Tom Phillips was a Civil War veteran and a farm hand. Around Boulder, Illinois, he was considered somewhat peculiar. He was not companionable. When he was working in the fields with other men, he would manage somehow to get off by himself, away from the rest of the workers. When he was not working, he usually would be found reading from some book. He always wore a white shirt - setting him apart in a region of homespun and calico. Tom loved Alice.
The only thing we know about Alice is that she loved Tom. Alice's mother, however, had no use for Tom Phillips. She tried her best to break up the romance. But the two were determined, and were married in spite of mother's objections.
Hard times came to the Boulder area. Tom left the community, and Alice, to find work and an income elsewhere. Weeks passed. Not one word did Alice get about her absent husband.
Mother seems to have made the most of the opportunity to discredit Tom. "You've seen the last of that man - and good riddance" Alice was told over and over. "He has taken up with another woman, or he'd write." This, and much more, Alice had to listen to day after day.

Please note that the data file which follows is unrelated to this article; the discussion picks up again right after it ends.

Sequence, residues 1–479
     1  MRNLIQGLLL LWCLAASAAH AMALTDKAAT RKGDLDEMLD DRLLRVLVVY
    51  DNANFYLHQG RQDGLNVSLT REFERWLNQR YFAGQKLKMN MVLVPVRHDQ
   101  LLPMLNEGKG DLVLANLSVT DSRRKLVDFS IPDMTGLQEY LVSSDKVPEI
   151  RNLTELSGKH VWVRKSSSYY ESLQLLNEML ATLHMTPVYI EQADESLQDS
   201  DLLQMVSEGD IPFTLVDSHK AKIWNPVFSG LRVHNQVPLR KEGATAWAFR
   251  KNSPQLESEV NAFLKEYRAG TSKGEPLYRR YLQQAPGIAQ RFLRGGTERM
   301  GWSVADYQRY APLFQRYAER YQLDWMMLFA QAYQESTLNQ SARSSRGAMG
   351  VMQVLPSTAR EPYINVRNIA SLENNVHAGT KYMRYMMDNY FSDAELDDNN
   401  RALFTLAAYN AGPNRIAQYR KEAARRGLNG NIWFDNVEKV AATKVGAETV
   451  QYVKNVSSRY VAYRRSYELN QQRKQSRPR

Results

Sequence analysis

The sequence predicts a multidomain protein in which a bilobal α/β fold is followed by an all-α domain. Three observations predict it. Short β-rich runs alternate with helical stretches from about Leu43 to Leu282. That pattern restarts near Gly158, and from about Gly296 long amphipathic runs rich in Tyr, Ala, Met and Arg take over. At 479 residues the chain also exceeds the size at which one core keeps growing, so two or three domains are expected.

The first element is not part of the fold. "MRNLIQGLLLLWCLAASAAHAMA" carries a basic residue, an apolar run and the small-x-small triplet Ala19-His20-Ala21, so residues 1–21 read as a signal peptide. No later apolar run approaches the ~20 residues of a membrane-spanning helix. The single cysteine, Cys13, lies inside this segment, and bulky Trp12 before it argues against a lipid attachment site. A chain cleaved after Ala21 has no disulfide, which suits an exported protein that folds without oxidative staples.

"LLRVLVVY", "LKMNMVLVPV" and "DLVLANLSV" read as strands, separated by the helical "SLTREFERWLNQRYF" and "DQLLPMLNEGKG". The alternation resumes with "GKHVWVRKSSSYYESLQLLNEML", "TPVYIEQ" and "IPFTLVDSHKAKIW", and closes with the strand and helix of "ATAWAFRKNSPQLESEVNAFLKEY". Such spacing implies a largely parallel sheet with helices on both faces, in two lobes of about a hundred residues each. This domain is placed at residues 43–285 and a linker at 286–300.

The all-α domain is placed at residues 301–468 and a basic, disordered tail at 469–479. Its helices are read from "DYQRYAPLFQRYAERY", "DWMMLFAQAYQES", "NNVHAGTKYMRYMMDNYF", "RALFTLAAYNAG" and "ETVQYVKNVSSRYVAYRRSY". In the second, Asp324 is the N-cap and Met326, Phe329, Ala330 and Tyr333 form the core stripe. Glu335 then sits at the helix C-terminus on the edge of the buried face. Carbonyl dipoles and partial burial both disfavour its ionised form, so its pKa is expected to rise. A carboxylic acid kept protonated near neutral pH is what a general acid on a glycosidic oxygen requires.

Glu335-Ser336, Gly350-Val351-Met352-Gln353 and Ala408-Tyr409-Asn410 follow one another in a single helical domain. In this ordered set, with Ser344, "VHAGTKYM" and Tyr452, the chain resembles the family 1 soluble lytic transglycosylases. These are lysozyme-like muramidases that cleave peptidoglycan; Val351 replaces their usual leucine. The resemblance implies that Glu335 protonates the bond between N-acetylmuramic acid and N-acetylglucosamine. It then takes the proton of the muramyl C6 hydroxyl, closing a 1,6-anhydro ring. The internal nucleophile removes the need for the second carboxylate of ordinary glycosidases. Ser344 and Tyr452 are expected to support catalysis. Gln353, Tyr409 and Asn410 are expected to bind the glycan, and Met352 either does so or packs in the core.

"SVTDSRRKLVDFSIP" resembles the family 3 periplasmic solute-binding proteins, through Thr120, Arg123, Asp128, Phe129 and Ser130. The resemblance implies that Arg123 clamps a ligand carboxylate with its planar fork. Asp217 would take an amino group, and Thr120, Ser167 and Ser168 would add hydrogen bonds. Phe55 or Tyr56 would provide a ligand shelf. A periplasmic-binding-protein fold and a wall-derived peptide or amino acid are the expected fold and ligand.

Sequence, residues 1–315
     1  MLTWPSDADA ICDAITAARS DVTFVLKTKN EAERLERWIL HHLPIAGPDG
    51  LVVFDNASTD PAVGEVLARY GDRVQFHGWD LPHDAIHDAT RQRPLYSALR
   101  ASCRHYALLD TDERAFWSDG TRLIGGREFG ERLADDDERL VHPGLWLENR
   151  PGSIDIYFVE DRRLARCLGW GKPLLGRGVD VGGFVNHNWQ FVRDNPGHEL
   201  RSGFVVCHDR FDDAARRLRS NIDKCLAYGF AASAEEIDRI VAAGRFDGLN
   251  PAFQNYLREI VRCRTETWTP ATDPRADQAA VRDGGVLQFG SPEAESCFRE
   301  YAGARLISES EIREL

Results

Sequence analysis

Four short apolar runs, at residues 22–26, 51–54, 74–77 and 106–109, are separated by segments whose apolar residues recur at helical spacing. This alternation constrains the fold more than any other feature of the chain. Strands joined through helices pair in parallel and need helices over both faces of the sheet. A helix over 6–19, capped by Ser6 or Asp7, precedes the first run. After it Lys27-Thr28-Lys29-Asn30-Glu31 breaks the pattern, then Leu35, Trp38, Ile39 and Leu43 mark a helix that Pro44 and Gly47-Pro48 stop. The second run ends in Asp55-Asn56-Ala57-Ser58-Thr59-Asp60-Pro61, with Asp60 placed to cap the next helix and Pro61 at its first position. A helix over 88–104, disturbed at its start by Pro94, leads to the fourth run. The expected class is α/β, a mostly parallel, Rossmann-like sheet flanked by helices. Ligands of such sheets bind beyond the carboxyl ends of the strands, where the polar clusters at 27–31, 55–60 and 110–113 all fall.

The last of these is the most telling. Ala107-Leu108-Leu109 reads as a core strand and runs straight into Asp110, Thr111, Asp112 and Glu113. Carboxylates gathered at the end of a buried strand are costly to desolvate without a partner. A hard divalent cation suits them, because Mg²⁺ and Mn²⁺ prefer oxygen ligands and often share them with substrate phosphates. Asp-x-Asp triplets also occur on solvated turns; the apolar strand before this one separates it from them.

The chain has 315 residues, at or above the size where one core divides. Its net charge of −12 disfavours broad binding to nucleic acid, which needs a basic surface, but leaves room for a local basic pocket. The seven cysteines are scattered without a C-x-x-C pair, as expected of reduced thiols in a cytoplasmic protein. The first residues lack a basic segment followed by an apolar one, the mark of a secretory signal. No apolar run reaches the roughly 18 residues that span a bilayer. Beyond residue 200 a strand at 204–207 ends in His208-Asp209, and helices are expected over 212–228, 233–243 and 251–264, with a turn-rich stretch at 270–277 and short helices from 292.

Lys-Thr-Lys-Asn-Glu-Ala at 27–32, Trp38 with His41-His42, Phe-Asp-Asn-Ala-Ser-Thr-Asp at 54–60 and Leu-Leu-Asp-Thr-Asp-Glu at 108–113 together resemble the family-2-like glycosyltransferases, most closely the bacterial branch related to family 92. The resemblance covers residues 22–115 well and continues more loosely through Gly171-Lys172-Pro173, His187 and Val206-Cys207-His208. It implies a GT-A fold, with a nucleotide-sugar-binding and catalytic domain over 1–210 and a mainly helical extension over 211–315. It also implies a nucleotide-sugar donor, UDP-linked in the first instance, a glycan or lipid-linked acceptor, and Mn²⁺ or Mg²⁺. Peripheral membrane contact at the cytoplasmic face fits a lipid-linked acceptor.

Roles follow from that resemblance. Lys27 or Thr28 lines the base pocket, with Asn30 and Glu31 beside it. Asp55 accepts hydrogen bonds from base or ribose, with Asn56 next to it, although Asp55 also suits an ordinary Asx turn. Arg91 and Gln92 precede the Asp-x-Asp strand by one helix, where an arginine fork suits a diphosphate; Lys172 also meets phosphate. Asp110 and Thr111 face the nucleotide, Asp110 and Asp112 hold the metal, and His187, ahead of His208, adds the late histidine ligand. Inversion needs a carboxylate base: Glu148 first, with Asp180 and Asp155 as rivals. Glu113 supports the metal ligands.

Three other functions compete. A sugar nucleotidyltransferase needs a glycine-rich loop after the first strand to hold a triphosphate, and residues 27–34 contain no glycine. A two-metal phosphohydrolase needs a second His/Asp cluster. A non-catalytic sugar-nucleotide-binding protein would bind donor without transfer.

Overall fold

Alice worried, she lost weight. Her health failed. She died. And it seems that the last words she heard were imprecations against her husband.
Mother was wrong with her "I told you so's." Tom Phillips did return to Boulder. And he had been loyal to his Alice. He learned of the death of his wife and how mother, with her constant carping, seemingly had been instrumental in breaking Alice's spirit, and her health, and in causing her death.
In retaliation, Tom ordered a head stone to place at Alice's grave saying she was talked to death by her mother. His friends convinced him to make a change and the inscription, which may be seen today, reads: